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  • Courtesy of Jill Sobocinski(NEW YORK) -- This grandma is delighting the internet with her stunning, colorful paintings.Joan Holland, 83, has been on bed rest in her assisted living facility in Cranford, New Jersey, for one year, and admitted she gets bored. But recently, she rediscovered her love for Paint by Numbers, a painting kit for adults.“I’ve been busy,” she proudly told ABC News of her handiwork. “I’ve been confined to bed rest only for a year. And you get tired of laying around in bed. I tried knitting and was good for a while, and I tried reading. But the Paint by Numbers, the painting is perfect. It was easy to set up, easy to clean up and didn’t make a big mess. And I had good results from it.”An adorable photo of Holland showing off her masterpieces has gone viral, with more than 3,000 likes after her granddaughter, Jill Sobocinski, tweeted it.“It was really, really beautiful to me,” Sobocinski said of her grandmother’s talents. “It brings her a lot of happiness. She loves to show them off.“Being stuck there, she does get cranky sometimes,” Sobocinski added. “This is her outlet and her getaway. It brings her joy. Being there and seeing her do this, it’s an inspiration to me and my family. Maybe we need to take up watercolors, too.”Sobocinski shared the photo because of Holland’s radiant smile in the photo, a rare occurrence since her grandmother has been stuck in bed.“She doesn’t look that happy all the time, but this brings it out in her,” she said.After Holland completes a painting, she gives them away to her nurses or family members.“I could be in an art gallery but I don’t like to be surrounded by them,” she explained. “They’ve served my purpose and now someone else can enjoy them.”The average painting takes her about 10 days to complete.“I enjoy it very much,” she said. “I enjoy seeing them go along as they get more and more interesting.”And this creative grandma has no plans of slowing down any time soon.“I’m here for a while longer, so you’ll see more,” said Holland. “I’m already thinking about my next painting.”Copyright © 2017, ABC Radio. All rights reserved.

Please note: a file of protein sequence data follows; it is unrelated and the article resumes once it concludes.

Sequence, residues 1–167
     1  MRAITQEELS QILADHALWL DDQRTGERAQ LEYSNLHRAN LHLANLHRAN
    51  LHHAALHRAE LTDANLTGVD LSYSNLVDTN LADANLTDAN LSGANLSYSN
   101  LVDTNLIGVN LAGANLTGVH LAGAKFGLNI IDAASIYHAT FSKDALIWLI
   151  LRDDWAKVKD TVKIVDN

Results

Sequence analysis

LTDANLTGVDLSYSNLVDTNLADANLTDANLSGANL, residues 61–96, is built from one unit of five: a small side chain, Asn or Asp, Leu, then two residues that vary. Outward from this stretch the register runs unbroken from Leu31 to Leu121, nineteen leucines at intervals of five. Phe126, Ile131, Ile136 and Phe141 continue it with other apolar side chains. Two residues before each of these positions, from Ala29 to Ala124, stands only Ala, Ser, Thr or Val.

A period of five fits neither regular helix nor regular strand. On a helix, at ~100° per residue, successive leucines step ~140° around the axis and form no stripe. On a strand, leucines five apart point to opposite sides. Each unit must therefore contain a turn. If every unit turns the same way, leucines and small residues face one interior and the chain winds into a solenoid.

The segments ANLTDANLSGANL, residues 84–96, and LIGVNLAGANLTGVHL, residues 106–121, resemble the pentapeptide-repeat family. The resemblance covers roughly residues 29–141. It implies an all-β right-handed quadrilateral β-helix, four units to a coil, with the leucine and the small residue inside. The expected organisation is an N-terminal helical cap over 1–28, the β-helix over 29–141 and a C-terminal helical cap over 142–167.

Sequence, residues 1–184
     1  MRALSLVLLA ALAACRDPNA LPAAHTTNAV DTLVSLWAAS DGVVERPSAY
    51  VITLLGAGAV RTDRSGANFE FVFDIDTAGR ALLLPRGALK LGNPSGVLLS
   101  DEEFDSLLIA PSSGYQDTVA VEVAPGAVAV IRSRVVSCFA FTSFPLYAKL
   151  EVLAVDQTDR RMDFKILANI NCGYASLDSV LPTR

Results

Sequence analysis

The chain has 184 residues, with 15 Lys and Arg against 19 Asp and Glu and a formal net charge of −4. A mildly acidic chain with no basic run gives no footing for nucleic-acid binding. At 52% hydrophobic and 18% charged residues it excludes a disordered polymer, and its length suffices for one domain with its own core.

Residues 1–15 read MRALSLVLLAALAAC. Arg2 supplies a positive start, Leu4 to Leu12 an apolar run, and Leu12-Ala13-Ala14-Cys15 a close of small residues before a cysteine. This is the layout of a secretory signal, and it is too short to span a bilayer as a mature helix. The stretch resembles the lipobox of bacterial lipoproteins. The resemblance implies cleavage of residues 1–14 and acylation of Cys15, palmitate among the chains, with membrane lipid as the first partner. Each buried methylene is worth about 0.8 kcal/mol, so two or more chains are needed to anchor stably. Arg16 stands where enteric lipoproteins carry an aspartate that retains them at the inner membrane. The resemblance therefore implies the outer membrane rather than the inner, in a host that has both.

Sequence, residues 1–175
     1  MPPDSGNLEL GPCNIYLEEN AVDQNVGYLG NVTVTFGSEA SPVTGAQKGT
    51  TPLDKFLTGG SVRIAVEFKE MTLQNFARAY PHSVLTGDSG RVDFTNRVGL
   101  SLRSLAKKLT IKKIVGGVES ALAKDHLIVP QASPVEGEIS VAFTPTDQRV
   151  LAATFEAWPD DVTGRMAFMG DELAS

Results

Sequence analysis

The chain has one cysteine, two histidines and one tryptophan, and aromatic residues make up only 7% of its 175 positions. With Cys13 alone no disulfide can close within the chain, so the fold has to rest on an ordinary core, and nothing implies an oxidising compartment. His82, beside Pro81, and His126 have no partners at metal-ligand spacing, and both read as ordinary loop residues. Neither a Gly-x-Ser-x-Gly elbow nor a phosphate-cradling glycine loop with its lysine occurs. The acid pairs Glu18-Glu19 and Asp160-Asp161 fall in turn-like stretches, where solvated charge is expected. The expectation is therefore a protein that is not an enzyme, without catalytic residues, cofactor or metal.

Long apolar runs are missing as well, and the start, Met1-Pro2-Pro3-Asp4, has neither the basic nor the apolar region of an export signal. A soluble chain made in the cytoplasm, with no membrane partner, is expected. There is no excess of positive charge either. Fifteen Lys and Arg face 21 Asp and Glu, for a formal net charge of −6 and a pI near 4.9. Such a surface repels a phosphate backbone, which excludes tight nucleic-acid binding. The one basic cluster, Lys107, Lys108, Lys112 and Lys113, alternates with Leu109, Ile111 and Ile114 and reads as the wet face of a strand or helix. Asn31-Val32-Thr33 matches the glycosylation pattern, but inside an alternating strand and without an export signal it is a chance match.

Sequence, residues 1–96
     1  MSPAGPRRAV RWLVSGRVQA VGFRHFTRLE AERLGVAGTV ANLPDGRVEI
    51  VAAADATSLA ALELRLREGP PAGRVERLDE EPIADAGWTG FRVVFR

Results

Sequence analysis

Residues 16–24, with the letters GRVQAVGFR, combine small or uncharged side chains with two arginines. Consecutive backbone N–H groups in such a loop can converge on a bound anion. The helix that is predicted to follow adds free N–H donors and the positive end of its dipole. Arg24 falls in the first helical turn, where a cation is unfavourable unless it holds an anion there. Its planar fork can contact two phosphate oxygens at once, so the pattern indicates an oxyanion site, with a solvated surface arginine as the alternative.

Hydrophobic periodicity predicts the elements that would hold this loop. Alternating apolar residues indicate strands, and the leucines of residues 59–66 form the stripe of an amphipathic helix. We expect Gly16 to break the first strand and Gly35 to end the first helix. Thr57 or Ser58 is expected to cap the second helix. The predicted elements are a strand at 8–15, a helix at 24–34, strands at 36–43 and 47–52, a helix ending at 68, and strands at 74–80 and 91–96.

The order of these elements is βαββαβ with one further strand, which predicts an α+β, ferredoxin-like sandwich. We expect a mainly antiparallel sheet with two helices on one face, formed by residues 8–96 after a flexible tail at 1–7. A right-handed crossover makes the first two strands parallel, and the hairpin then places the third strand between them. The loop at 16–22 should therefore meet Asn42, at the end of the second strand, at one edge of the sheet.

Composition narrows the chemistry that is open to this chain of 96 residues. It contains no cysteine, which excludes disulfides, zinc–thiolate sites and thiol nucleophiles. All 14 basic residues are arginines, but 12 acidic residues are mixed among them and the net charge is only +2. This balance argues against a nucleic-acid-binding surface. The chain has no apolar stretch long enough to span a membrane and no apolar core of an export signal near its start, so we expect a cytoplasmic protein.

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  • USCG(NEW YORK) --  A 75-year-old woman experiencing diabetic shock was airlifted by the U.S. Coast Guard Saturday morning from a cruise ship located approximately 100 miles east of Cape Hatteras, North Carolina.The Coast Guard said its 5th District Command Center in Portsmouth, Virginia, was notified at about 9:55 a.m. that a passenger in distress was on board the Royal Caribbean cruise ship Anthem of the Seas.  Coast Guard Lt. Courtney Wolf, the command duty officer for the case, said, "Cases like this highlight the importance of cooperation between the Coast Guard, cruise ship personnel and local hospital staff. Today's hoist went seamlessly due to the coordination between all involved parties, and as a result we were able to transport this individual quickly and safely."Diabetic shock -- or diabetic ketoacidosis (DKA) -- is a diabetes complication that can lead to unconsciousness, during which the individual has dangerously high blood sugar (hyperglycemia) or dangerously low blood sugar (hypoglycemia).Copyright © 2017, ABC Radio. All rights reserved.